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A Move To Eliminate Teacher Standards in Wisconsin

PHOTO: A proposal being considered by the Wisconsin state legislature would essentially eliminate teacher licensing standards in the state. The proposal, which is part of the state budget package, is opposed by nearly every education and teachers' organization in the state. Photo credit: U.S. Navy
PHOTO: A proposal being considered by the Wisconsin state legislature would essentially eliminate teacher licensing standards in the state. The proposal, which is part of the state budget package, is opposed by nearly every education and teachers' organization in the state. Photo credit: U.S. Navy
June 1, 2015

MADISON, Wis. – The proposed Wisconsin state budget is unquestionably hard on public education in Wisconsin.

On the heels of the proposed reductions in financial support, there's now a Republican proposal to virtually eliminate the standards for becoming a licensed teacher in Wisconsin.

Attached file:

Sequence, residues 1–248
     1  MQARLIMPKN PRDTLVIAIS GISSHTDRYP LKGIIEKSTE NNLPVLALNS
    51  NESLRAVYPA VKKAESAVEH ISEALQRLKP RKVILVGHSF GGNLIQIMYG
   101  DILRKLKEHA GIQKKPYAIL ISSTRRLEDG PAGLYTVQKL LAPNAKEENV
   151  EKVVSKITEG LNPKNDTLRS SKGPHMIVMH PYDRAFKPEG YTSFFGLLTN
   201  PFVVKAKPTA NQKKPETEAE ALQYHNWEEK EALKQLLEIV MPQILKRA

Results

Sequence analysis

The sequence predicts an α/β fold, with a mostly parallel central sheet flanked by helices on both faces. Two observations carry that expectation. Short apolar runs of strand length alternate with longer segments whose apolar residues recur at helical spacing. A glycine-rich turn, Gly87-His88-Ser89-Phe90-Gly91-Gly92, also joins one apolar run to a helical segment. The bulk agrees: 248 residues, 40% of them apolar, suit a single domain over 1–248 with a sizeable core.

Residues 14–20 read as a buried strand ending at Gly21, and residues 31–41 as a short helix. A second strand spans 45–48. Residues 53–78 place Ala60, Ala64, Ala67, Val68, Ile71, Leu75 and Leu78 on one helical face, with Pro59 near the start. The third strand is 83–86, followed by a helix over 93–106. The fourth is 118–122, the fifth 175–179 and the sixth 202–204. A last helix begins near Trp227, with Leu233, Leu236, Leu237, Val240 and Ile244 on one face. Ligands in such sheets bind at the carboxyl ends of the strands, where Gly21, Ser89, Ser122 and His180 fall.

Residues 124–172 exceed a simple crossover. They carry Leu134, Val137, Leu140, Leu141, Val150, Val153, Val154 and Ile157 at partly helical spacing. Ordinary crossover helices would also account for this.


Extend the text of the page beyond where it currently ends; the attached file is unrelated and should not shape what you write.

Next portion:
Scot Ross, executive director of the advocacy group One Wisconsin Now, says even a high school dropout could be hired as a teacher under the plan, and he calls that unacceptable.

"The Republicans want to take the skilled, licensed, qualified teachers out of the classroom and replace them with whoever walks down the street, basically, and turns in a resume," Ross asserts.

Education professions statewide have decried the move to gut teacher standards.

"Teaching is a profession, it is an art, and we should not just respect our teachers,” Ross stresses. “But we should respect our taxpayers, and most importantly our students, who are going to be educated by these folks."

Republicans defend the move by saying it will give more flexibility in hiring for rural schools.

Ross says supporters of the proposal have not been able to name a single school district that has asked to be given permission to hire a high school dropout to be a teacher.

"One of the advocates for rural schools came out and said, 'We didn't ask for this, so we don't know why this is happening,’” he relates. “The last thing we need to do is then take the barrier for having qualified teachers away."

The measure, which was adopted by the Republican-controlled Joint Finance Committee, must still pass both houses of the legislature and be signed by the governor before it would take effect.

Ross says the state cannot afford to gut teacher standards, for many reasons.

"We think that in the long run it's going to cost the state of Wisconsin not just tax dollars, but much more: its future workforce," he states.


Tim Morrissey, Public News Service - WI